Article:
Background This audit was completed to review adherence to the current 2012 Pan Birmingham guidelines for the use of methadone in adults with pain in palliative care.
Methods Anonymised data collection tools were sent electronically to six hospices in the West Midlands. Data was collected retrospectively from controlled drugs record books over a 2 year period from 01/07/2013–30/06/2015. The audit was limited to patients who were inpatient at the hospice and excluded those who were admitted already taking methadone on admission or taking it for an alternative reason eg, as part of a drug replacement programme.
Standards for the audit were derived from the current 2012 Pan Birmingham Guidance.
Results Results were received from five hospices. In total 28 patients were audited retrospectively over a 2 year period from July 2013 to June 2015. Ten patients were excluded. A protocol or guideline was in use in only 2 hospices (40%). Of the 18 patients included in the audit methadone was commenced in 14 patients (78%) due to poorly controlled pain despite other opiates. In one patient it was commenced due to tolerance to the analgesic effects of other opiates. In three patients methadone was commenced due to unacceptable side effects of other opiate medications. An ECG was performed prior to commencing methadone in only three patients. A variety of starting doses of methadone were used, most commonly 30 mg. Furthermore, breakthrough dosages of methadone prescribed were wide ranging from 2–30 mg.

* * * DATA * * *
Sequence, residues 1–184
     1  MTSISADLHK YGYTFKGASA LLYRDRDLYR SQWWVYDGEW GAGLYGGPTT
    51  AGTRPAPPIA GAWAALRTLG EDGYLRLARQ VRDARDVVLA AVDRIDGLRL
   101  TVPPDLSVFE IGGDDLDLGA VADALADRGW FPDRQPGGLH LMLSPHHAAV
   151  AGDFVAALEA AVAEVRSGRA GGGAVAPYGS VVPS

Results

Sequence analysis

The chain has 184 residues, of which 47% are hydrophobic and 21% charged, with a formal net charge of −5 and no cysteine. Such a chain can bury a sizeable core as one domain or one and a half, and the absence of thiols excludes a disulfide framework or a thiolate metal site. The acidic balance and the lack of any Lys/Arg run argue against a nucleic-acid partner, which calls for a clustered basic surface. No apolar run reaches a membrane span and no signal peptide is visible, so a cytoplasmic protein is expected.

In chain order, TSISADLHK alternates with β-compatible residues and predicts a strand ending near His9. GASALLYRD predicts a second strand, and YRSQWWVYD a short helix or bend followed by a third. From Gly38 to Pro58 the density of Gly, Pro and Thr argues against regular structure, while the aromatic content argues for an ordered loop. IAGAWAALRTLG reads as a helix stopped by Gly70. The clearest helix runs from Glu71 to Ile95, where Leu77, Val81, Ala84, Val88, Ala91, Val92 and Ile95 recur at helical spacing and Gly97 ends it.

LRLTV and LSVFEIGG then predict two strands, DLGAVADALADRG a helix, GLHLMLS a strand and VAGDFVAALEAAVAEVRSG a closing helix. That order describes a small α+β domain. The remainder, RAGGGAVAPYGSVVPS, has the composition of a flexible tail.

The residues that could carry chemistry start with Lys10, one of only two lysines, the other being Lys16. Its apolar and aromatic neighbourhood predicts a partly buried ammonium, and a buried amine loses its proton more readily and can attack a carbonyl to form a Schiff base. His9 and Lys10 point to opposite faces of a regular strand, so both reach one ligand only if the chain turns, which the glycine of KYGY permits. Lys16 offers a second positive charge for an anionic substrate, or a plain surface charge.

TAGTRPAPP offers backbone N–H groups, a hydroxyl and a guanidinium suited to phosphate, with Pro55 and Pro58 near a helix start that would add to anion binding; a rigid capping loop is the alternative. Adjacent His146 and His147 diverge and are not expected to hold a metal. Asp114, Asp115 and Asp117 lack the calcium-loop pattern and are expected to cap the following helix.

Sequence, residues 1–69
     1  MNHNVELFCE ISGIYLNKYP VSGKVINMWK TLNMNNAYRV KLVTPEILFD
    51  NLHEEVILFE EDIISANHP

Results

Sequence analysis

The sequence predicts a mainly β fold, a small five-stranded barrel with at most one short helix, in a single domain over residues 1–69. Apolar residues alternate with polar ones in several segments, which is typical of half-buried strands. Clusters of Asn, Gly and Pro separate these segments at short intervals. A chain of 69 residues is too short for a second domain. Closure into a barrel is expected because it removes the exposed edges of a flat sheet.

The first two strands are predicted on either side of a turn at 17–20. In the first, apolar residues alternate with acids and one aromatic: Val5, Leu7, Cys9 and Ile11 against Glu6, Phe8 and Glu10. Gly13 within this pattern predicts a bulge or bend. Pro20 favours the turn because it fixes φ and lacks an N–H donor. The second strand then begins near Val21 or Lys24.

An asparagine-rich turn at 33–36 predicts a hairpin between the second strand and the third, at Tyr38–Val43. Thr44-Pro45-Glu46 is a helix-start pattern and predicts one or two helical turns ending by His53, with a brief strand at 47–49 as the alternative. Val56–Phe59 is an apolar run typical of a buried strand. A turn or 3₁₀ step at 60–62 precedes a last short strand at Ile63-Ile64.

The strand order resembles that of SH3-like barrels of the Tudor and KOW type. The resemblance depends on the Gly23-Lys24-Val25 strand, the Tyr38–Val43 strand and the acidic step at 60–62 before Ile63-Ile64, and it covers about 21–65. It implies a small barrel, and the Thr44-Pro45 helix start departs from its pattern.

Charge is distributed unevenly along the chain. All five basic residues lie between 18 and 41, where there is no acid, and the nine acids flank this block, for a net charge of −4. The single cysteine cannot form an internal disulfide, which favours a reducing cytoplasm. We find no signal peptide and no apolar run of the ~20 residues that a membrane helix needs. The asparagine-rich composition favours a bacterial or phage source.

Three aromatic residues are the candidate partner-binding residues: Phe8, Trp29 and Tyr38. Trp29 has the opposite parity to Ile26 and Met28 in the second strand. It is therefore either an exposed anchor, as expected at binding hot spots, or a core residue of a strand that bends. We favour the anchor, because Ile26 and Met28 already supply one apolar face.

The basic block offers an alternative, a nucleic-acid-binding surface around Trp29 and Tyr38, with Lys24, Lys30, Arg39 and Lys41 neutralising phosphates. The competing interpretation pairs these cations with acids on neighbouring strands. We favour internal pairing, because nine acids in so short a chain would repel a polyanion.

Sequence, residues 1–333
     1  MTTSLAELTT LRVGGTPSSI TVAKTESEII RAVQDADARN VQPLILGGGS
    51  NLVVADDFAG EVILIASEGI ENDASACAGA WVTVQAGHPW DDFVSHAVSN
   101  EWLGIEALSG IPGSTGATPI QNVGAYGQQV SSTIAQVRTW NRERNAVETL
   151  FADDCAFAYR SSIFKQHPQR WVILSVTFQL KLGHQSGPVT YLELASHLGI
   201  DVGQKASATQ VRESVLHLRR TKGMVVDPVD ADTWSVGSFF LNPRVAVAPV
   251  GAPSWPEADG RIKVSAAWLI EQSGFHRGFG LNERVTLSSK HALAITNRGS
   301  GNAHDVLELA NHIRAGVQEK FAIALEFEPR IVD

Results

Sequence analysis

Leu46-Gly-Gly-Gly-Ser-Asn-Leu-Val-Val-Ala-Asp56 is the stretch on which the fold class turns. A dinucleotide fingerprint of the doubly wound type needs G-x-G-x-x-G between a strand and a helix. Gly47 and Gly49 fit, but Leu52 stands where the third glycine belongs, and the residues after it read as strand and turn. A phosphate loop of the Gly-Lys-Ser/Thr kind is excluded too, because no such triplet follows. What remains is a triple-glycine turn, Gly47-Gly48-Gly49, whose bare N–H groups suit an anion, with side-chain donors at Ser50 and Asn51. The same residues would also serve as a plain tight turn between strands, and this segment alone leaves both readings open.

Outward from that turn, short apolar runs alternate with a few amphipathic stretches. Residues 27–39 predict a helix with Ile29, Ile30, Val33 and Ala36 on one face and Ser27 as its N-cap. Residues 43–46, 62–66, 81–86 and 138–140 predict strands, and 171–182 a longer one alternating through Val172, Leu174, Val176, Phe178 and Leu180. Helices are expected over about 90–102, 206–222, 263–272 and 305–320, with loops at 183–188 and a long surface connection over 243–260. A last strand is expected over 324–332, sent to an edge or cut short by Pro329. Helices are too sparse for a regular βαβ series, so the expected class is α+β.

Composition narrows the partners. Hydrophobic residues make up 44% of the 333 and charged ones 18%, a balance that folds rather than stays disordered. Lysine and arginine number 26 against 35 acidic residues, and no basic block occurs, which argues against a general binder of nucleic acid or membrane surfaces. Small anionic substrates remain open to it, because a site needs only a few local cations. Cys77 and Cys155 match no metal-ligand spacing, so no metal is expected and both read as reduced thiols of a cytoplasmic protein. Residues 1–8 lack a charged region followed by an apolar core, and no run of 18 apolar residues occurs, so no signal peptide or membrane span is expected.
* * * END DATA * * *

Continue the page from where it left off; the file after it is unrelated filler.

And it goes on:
Conclusions This audit shows that the current local guidelines are not always being adhered to. A wide variation in prescribing exists for both regular and PRN dosages of methadone. Additional areas for improvement have been identified including nursing training and QTc monitoring with pretreatment ECG.
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